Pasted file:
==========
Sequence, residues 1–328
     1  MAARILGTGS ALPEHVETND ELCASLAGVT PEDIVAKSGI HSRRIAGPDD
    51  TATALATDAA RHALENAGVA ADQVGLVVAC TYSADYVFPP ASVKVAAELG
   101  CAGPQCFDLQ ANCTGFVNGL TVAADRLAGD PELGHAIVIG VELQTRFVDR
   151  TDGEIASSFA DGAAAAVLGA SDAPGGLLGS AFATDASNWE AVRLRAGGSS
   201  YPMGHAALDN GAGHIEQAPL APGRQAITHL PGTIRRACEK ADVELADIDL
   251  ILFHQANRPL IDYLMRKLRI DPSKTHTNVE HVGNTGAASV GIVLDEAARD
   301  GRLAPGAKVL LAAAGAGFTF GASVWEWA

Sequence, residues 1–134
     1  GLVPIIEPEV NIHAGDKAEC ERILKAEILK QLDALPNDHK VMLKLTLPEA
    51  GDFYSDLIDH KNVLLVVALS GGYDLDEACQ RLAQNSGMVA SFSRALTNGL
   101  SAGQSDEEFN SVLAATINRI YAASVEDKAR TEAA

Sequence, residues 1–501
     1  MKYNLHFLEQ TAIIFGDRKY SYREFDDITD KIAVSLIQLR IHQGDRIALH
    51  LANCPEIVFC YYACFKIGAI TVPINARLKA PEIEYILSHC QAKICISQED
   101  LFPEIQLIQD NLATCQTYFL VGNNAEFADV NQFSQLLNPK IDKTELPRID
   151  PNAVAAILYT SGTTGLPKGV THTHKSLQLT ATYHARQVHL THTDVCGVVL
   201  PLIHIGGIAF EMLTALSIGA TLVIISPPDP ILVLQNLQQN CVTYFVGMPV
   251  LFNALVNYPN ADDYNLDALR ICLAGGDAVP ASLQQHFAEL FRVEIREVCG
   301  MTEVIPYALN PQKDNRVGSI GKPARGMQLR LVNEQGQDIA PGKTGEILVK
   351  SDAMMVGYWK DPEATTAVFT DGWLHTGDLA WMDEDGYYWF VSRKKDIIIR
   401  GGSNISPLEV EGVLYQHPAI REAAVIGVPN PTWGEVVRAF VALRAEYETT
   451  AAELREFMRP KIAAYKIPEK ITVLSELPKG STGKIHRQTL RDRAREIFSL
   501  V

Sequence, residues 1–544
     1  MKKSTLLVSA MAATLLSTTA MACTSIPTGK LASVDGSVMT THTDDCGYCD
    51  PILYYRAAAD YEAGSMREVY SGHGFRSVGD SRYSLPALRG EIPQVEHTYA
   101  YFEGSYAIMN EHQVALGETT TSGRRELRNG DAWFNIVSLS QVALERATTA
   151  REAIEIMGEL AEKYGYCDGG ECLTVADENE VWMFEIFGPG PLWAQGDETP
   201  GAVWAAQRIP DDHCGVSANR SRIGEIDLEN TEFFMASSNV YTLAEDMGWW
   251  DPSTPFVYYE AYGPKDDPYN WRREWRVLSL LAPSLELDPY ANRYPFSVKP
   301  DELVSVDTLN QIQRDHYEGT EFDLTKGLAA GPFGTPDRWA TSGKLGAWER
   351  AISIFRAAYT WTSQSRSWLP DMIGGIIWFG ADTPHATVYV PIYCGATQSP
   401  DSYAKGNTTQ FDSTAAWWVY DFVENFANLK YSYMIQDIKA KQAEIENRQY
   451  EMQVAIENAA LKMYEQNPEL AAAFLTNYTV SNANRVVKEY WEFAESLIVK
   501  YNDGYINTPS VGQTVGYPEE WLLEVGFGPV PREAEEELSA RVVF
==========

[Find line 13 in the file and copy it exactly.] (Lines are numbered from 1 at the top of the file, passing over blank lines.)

Sequence, residues 1–501